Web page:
Politics: Why We Have To Stay Hopeful


Laya Reddy

Politics. The word conjures up a wide array of feelings: passion, fear, excitement. As much as people try to distance themselves from it, they can never escape. We are all affected by the decisions made by politicians in the government, whether it’s in healthcare, immigration, or gun control. In the past few decades, our perspective of politics has become increasingly negative, as more politicians are being exposed of committing scandals, more problems are arising with fewer solutions, and media coverage of such problems increased, making Americans more invested than ever before. We can’t blame the news, though. Whether we like or not, we should be informed of current events, so we can form educated opinions. So who is to blame, and how is this affecting the youth?


Because of the current political climate, our vision of the government and politics is associated with lying, malice, and childish behavior. When we think politics, we don’t think of the institutions that our Founding Fathers established; we think of the corrupt people holding positions in the government. We don’t trust the government anymore.


When I share with people my aspirations in politics, I’m told that one person can’t make a difference in changing the current nature of politics. It’s this mindset that is so dangerous for teens to have. When we turn 18, we’re finally given the chance to make our voice heard and effect changes in the government, but many don’t perceive voting this way. People believe it’s worthless because one person can’t possibly make a difference in election results. In the 2018 midterms, though, this view was proven wrong with the Arizona Senate election between Kyrsten Sinema and Martha McSally. In that nail-biting election, votes were just a few thousands apart. Every single vote mattered.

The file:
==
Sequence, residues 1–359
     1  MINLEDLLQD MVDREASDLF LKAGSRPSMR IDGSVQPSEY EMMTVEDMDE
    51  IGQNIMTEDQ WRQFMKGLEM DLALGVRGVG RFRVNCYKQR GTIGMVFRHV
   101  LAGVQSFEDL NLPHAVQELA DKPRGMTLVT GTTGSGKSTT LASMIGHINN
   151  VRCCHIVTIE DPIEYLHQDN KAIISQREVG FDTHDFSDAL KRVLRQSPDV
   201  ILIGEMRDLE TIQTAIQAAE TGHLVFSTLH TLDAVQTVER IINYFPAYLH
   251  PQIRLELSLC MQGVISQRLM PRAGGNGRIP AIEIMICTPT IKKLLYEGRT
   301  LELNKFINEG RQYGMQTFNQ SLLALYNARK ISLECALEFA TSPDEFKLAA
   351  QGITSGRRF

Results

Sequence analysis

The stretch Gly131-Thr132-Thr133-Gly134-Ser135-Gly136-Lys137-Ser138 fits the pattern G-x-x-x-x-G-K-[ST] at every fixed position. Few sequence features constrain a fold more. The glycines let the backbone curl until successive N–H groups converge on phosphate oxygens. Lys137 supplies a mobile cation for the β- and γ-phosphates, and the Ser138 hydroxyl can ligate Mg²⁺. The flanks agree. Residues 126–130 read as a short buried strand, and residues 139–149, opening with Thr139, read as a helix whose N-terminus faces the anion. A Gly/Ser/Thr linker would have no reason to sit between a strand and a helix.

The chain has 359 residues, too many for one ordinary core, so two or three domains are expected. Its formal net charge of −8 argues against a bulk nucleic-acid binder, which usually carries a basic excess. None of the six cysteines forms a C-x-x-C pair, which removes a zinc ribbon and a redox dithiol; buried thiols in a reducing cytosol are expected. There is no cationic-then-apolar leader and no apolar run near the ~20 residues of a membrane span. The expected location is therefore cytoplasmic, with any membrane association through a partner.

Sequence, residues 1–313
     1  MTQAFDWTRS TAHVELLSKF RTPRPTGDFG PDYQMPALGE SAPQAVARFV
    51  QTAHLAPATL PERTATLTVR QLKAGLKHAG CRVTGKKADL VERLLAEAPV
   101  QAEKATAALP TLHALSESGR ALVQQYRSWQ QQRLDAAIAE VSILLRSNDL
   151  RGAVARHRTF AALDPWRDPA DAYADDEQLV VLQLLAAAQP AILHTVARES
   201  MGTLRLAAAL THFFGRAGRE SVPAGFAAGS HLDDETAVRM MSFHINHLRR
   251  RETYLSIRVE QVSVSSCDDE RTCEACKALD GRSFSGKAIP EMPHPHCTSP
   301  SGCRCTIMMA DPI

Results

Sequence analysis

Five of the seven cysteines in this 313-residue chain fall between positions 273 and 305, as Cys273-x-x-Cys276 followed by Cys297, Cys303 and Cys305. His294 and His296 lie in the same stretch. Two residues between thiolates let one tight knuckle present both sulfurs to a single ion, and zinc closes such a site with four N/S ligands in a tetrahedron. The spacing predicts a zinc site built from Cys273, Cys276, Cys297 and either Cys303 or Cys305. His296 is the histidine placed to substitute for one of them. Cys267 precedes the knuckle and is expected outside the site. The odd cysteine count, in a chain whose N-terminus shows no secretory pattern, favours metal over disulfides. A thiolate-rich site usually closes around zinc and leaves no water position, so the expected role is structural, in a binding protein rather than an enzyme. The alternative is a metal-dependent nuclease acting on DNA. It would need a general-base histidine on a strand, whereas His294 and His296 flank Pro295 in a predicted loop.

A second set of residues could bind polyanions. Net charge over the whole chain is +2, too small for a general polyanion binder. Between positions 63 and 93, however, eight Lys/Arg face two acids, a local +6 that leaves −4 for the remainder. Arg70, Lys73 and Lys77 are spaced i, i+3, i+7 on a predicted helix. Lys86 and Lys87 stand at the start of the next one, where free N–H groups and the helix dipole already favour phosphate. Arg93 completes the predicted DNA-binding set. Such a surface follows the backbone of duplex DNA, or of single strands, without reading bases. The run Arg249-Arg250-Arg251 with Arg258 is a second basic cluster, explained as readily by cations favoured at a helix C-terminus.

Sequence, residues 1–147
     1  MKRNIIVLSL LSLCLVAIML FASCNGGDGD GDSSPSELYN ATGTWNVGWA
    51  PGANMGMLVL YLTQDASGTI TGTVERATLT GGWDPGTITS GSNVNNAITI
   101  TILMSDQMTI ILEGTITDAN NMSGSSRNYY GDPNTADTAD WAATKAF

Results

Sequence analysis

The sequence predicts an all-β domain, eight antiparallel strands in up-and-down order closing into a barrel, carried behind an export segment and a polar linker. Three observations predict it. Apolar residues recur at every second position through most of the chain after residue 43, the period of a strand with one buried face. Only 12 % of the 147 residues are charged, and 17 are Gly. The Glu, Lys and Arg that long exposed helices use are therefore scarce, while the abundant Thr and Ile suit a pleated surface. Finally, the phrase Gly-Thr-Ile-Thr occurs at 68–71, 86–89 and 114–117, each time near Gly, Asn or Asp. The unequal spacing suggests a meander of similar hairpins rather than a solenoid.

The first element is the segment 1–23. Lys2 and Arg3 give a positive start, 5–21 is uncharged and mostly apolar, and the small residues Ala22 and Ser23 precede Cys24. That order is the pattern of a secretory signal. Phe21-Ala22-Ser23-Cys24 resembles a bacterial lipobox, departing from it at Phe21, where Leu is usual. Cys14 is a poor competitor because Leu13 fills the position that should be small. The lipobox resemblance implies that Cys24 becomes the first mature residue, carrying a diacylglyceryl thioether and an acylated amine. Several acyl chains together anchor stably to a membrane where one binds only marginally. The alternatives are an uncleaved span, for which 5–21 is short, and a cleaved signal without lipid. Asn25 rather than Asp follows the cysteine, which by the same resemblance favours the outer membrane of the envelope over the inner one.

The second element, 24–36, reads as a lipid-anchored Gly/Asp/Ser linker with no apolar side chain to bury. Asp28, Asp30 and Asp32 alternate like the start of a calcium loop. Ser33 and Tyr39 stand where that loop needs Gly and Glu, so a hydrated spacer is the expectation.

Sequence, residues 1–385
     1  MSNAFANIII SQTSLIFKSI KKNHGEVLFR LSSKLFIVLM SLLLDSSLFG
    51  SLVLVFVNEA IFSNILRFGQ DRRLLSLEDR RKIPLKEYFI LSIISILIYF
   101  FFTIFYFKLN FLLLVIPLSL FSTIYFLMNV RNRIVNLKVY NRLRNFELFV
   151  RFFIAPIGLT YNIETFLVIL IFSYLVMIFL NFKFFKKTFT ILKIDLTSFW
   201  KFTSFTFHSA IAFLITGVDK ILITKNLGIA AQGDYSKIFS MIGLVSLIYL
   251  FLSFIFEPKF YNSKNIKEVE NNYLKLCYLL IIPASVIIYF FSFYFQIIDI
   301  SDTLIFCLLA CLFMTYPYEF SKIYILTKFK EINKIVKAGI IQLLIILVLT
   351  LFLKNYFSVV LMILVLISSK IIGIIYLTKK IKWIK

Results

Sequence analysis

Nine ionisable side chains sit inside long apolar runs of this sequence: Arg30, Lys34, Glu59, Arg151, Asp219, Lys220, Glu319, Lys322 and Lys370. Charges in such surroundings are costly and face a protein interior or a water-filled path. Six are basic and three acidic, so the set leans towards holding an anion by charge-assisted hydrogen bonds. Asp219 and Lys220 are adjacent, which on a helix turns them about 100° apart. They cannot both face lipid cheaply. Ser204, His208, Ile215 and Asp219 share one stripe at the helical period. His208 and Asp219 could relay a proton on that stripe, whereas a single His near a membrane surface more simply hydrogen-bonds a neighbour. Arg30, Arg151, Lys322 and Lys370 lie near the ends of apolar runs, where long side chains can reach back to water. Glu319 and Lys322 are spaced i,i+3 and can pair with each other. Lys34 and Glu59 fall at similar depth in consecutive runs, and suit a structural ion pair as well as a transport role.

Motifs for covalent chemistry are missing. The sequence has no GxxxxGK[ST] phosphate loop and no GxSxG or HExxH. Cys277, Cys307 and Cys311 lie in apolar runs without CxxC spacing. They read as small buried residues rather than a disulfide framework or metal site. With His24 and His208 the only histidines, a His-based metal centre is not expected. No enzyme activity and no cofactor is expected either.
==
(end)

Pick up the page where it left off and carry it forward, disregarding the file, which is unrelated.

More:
But I also understand why people have this view in presidential elections, because we use the electoral college. It is an unfair process of voting in which citizens fail to get an equal say in our democracy. Why should one’s location impact the value of their voice? The electoral college does not always accurately represent the views of our entire state, allowing candidates to win elections without the support of the majority of the country. This is evident in two elections of our time – Bush’s and Trump’s – in which the candidate who received the electoral vote was able to win, despite losing the popular vote. The initial purpose of enacting this was to avoid uninformed voters, but hundreds of years later, this purpose is irrelevant. Citizens are more informed than ever before and should be able to directly vote for the politicians they feel worthy. The voting process needs to be more straightforward and simple. If a candidate gets more votes overall, they should win.

So, I agree, the electoral college needs to go. But our votes do not. While it may not always seem like it, our votes matter. Our hope matters. We can’t let the current government depress our views of the future – our future. So, despite our inhibitions surrounding politics, we have to stay hopeful, and we have to keep voting, because we can make a change, but only if we choose to.